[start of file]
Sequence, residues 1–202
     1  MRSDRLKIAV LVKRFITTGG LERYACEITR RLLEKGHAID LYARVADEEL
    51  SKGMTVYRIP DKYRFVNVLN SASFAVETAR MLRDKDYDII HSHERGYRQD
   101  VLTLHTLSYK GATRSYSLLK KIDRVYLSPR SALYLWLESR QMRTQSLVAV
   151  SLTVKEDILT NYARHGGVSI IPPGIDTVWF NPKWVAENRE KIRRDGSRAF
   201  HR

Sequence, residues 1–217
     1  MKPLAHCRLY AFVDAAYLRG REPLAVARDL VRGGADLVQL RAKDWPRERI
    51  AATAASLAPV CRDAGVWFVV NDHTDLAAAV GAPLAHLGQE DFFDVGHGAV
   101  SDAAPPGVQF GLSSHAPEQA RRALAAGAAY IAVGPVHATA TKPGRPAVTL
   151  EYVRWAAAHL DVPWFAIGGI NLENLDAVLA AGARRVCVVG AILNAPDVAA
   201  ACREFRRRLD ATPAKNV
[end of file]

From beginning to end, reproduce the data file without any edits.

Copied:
Sequence, residues 1–202
     1  MRSDRLKIAV LVKRFITTGG LERYACEITR RLLEKGHAID LYARVADEEL
    51  SKGMTVYRIP DKYRFVNVLN SASFAVETAR MLRDKDYDII HSHERGYRQD
   101  VLTLHTLSYK GATRSYSLLK KIDRVYLSPR SALYLWLESR QMRTQSLVAV
   151  SLTVKEDILT NYARHGGVSI IPPGIDTVWF NPKWVAENRE KIRRDGSRAF
   201  HR

Sequence, residues 1–217
     1  MKPLAHCRLY AFVDAAYLRG REPLAVARDL VRGGADLVQL RAKDWPRERI
    51  AATAASLAPV CRDAGVWFVV NDHTDLAAAV GAPLAHLGQE DFFDVGHGAV
   101  SDAAPPGVQF GLSSHAPEQA RRALAAGAAY IAVGPVHATA TKPGRPAVTL
   151  EYVRWAAAHL DVPWFAIGGI NLENLDAVLA AGARRVCVVG AILNAPDVAA
   201  ACREFRRRLD ATPAKNV